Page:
A bout with pneumonia lasting much longer than it should have is what led to last year’s grim discovery for Bill Godwin of Van Alstyne. Dr. George Nieburg of Sherman said he took one look at Godwin’s mis-shaped tonsil and knew he needed to see a specialist. That turned out to be Dr. W.F. Looney, who conducted a biopsy.

The results were positive for squamous cell carcinoma, and Godwin began a journey with which he was all too familiar.

“Your head is swimming with news and information to process when this happens,” Godwin said. “It’s overwhelming for anybody. Since I have done this before, I knew what I was in for and I guess that’s what made me start looking at alternative methods to fighting my disease.”

Fifteen years ago, Godwin was diagnosed with carcinogenic melanoma. Surgeries followed, and then it was a year-long treatment of high doses of interferon. The side effects were much the same as chemotherapy. For the first 30 days he received 40 million daily units of interferon. His therapy decreased to 20-million-unit injections three times weekly for the next 11 months.

This time, following Godwin’s visit with an oncologist, he was sent to a surgeon in Dallas, and within a couple of weeks the affected tonsil and surrounding soft tissue was removed through robotic surgery.

Enter Alternative Medical Center of Rowlett and Dr. Ray Hammon and a different approach to the fight against cancer. It turned out to be a good fit for Godwin and the “something different” he was looking for.


Joyce Godwin/Herald Democrat
Bill Godwin, dressed in the Baylor Medical Center hospital gown, listens to doctor’s instructions and explanations as he prepares for surgery in September at Baylor, Dallas.

Instead of chemotherapy, Godwin gets high doses of Vitamin C along with a number of other ingredients designed to defeat Godwin’s cancer. His cells were tested early in his treatment to determine what works best on him, and his therapy protocol is made just for him.

“Cancer is still the second largest killer in the U.S. behind heart disease,” Hammon said, “and the patients who take charge of their own care are the ones who do well. The patient is my boss. You have what you need because you are paying the bills.”

Hammon said what his clinic is doing is state of the art — the future of medicine. “One day, what we do will be the standard of care.” It’s tailor made for each patient and doesn’t follow protocols designed for groups of people.

Hammon also works with the patients’ oncologist, surgeon or other medical provider. He wants his patients to have all the information they need to make good, informed decisions.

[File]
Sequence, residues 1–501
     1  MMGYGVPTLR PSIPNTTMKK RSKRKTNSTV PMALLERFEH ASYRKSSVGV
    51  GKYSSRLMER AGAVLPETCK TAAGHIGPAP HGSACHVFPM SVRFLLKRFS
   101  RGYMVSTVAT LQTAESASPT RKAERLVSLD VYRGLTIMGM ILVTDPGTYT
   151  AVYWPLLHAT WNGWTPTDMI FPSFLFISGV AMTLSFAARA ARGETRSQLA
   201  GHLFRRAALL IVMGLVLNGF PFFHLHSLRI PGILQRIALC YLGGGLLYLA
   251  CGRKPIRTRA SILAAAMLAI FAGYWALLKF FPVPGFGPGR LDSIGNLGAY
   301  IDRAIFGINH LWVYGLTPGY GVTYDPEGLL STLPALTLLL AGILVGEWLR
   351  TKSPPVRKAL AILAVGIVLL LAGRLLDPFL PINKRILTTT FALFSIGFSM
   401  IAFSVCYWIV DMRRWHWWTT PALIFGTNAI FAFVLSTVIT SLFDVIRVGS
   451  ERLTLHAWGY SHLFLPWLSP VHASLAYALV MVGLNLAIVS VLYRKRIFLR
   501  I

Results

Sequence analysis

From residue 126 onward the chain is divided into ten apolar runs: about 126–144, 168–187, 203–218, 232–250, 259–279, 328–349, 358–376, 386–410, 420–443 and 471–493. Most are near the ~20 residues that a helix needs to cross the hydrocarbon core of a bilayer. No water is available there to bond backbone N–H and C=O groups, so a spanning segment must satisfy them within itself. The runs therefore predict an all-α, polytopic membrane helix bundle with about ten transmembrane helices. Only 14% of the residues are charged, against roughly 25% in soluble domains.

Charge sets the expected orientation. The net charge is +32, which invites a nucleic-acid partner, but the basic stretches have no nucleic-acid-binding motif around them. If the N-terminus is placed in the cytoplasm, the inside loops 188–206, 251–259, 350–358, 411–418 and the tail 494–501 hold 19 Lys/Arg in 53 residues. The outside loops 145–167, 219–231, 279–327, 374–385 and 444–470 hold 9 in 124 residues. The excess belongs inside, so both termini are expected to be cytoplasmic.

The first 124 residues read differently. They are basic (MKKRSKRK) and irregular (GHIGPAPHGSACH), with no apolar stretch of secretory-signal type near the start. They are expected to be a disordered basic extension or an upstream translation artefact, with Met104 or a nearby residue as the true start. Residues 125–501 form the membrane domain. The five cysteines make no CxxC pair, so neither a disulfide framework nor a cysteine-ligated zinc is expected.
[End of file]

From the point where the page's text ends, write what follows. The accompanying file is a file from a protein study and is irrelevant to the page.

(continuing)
For Godwin, his treatments seem to be doing what he needs. Each test to measure progress has shown improvement. He knows he still has a long way to go but says he’s going to stick with the alternative method. “I’m not sick all the time, my body seem to be tolerating my treatments and I feel good,” he said.

Godwin was recommended by doctors to have one more surgery to remove lymph nodes,  but so far he has refused. “I know I’m rolling the dice on this, but this is the way I want to go,” he said about refusing further surgery at this time. He added, “That doesn’t mean I won’t do it later, but for now, I’m going to let my treatments with Dr. Hammon run their course.”

Carla Roberts

Carla Roberts and Amber Roberts of Denison share an easy, good-natured banter mixed with generous amounts of laughter. Their smiling faces simultaneously grow somber at varying points as they address the topic of their interview. Their camaraderie is not that of just a parent and child, but of warriors strengthened in a very personal battle – Carla Roberts’ fight against breast cancer.

Statistics from the North Texas Affiliate of Susan G. Komen for the Cure show that breast cancer is significant in north Texas. The affiliate also notes that regardless of ethnicity, all women in the north Texas area exhibit higher invasive breast cancer incidence rates than the state average. The breast cancer mortality rate of 23.7 percent in Grayson County is higher than in any other north Texas counties per the Texas Cancer Registry report of 2011. The 2008 U.S. Census reports Grayson County as having the highest percentage of uninsured residents, the lowest median household income ($46,993) and the highest rate of poverty (14.4%).

Carla, age 53, says she knew there was problem in one of her breasts, but lack of insurance and money concerns stopped her from checking it right away.

“We didn’t have insurance, so I didn’t go for regular check-ups … It was in February of 2010. I knew a lump was there and the breast started changing rapidly. It was a visual change … My younger sister had been diagnosed with triple negative breast cancer three years beforehand, so I pretty well knew what mine was, and I had an uncle who had breast cancer and had to have a mastectomy” says Roberts. “I finally had to tell my husband, Bruce, and that was the hard part.”

A family friend introduced Carla to local oncologist, Dr. Linda Castillo.

“Even before having a mammogram, she pretty much looked at me and said, ‘Yes. You have breast cancer,’” recalls Carla.

Amber adds that, at Castillo’s initial diagnosis, which turned out to be correct, her mother became angry. Carla says she wasn’t so much angry as hysterical.

“I was thinking, ‘How are we going to pay for this?’ I didn’t know if I should even pursue treatment because of the money. When you’re providing for your family, a major illness can wipe you out in most cases. I think women in particular want to provide for their families more than themselves.”